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From the pages of Velo: Time Travelers

  • By Nick Legan and Caley Fretz
  • Published Nov. 23, 2012
  • Updated Jul. 22, 2013 at 10:21 AM EDT
Velo August 2012. Photo: Brad Kaminski | VeloNews.com

Trek Speed Concept 9.5

by Caley Fretz

Quantitative testing: 30/30 points
The Speed Concept and Shiv are nearly identical at low yaw, with the Shiv only slightly ahead. When wind blows from the rider’s right, the drag figures remain tightly packed. As the wind swings to the left, though, the Speed Concept steps ahead, by 46 grams at 10° and 113 grams at 15° — about 10 watts at 50kph. That difference is enough to give the Trek the edge.

Subjective Ride Quality
Comfort: 7/10 points
Comfort on a time trial bike is all about proper positioning and good contact points. Trek’s aero extensions and arm pads offer quite a bit of adjustability. Higher and lower, forward and backward, and side-to-side pad adjustments are all possible. The pads themselves are large, squishy and cup the forearms well.

Acceleration: 8/10 points
The wider, blockier Kamm tail tube shapes do wonders for overall frame stiffness, and the Speed Concept was one of the best out of the blocks that we’ve ever tested.

Handling: 6/10 points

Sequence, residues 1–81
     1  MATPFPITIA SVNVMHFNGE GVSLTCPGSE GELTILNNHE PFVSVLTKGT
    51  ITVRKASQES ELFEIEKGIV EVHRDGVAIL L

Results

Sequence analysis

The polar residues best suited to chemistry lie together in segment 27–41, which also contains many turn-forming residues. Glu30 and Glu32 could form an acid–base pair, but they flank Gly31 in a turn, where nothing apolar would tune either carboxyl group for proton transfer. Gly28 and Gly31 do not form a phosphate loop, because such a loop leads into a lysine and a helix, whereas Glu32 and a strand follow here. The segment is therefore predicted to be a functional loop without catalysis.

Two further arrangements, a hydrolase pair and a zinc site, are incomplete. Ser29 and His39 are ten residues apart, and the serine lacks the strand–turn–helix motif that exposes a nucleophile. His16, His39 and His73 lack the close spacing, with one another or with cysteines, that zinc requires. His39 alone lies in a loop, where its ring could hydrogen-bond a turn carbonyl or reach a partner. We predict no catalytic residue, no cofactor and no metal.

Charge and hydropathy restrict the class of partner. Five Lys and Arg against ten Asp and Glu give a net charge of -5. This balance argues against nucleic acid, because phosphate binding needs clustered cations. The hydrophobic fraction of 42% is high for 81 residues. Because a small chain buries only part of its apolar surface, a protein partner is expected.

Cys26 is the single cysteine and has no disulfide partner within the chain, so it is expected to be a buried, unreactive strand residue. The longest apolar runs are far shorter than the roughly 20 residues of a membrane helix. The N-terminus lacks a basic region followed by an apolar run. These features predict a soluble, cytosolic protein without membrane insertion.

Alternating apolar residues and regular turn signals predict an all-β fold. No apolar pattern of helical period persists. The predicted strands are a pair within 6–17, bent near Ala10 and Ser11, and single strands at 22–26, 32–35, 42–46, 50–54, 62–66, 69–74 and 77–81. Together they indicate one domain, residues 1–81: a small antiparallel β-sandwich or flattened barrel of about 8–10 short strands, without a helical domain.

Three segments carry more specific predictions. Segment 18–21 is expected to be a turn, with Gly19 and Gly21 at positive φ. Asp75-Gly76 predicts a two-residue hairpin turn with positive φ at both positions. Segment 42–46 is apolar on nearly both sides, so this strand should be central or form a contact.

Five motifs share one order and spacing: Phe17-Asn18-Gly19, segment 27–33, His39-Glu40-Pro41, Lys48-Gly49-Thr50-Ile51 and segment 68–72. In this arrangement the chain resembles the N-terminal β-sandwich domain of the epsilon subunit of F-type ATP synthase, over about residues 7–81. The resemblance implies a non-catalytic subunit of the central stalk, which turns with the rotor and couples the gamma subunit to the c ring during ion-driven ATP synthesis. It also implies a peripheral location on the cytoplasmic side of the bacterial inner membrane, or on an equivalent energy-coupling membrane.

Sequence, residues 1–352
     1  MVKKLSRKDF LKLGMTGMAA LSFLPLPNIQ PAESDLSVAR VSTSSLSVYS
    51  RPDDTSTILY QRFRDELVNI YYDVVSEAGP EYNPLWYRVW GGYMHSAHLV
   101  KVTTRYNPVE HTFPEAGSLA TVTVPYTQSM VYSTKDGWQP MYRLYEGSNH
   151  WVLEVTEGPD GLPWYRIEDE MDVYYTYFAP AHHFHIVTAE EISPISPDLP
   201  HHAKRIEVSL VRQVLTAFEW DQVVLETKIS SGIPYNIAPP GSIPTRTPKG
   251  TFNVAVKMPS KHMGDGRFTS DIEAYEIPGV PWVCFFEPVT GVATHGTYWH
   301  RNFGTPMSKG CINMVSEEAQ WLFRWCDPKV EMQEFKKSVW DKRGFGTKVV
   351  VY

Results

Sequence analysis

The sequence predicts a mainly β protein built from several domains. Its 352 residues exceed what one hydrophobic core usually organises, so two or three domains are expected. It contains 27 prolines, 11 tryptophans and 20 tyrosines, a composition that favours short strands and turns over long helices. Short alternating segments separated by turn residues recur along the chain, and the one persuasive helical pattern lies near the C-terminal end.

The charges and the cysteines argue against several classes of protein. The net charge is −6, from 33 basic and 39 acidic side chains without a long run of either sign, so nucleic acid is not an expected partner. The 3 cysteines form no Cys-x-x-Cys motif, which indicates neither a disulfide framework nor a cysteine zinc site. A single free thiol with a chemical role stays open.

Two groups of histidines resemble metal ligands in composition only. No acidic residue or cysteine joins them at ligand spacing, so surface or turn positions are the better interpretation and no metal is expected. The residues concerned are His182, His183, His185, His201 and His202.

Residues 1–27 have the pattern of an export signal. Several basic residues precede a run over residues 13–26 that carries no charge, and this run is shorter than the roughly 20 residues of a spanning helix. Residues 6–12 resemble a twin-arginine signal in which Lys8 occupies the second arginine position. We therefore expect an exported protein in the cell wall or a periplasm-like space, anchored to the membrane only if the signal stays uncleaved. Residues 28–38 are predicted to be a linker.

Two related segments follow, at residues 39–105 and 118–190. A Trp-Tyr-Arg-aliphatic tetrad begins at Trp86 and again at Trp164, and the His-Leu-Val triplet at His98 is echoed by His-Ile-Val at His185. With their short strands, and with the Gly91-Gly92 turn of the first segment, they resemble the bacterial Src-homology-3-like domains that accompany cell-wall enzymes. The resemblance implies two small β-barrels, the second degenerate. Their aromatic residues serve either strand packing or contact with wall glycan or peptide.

Trek’s stiff chassis aids high-speed cornering, but handling is still considerably worse than any road frame. While TT frame geometry is designed for straight-line stability rather than cornering prowess, poor cornering is poor cornering whether it’s designed to be that way or not, so we can’t give the Speed Concept many points here.

User Friendliness: 8/15 points
Time trial frames are notoriously unfriendly to their users. When brakes are integrated, as they are on the 9-Series Speed Concept frames, unfriendly turns to downright nasty.

Brake adjustments require a third hand. What should be a quick adjustment for rim width can take forever. In fact, we had to switch to ultra narrow pads just to get the Zipp Sub9 disc into the frame at all, even with the brakes opened up all the way.

Cable routing is a similar story. If you’re not a highly competent mechanic, best to leave it to the professionals for your own health.

Front-end adjustability is decent, with plenty of arm rest adjustment but few extension adjustment options. Certainly, as with the Shiv, get a good fit before purchasing.

Value: 18/20 points
The complete Speed Concept 9.5, which uses Trek’s top-of-the-line 9-series frame, can be picked up with a Shimano Ultegra kit and Bontrager low-profile aluminum wheels for $50 less than the Shiv frame module. Though you may want to upgrade some things, like the wheels, that’s still an excellent value relative to other top-end frames on the market.

Weight: 5/5 points
The Trek module is lighter than the Shiv, and despite the fact that the particular package we tested uses Shimano’s rather chunky Ultegra group, it’s still a relatively light ride overall.

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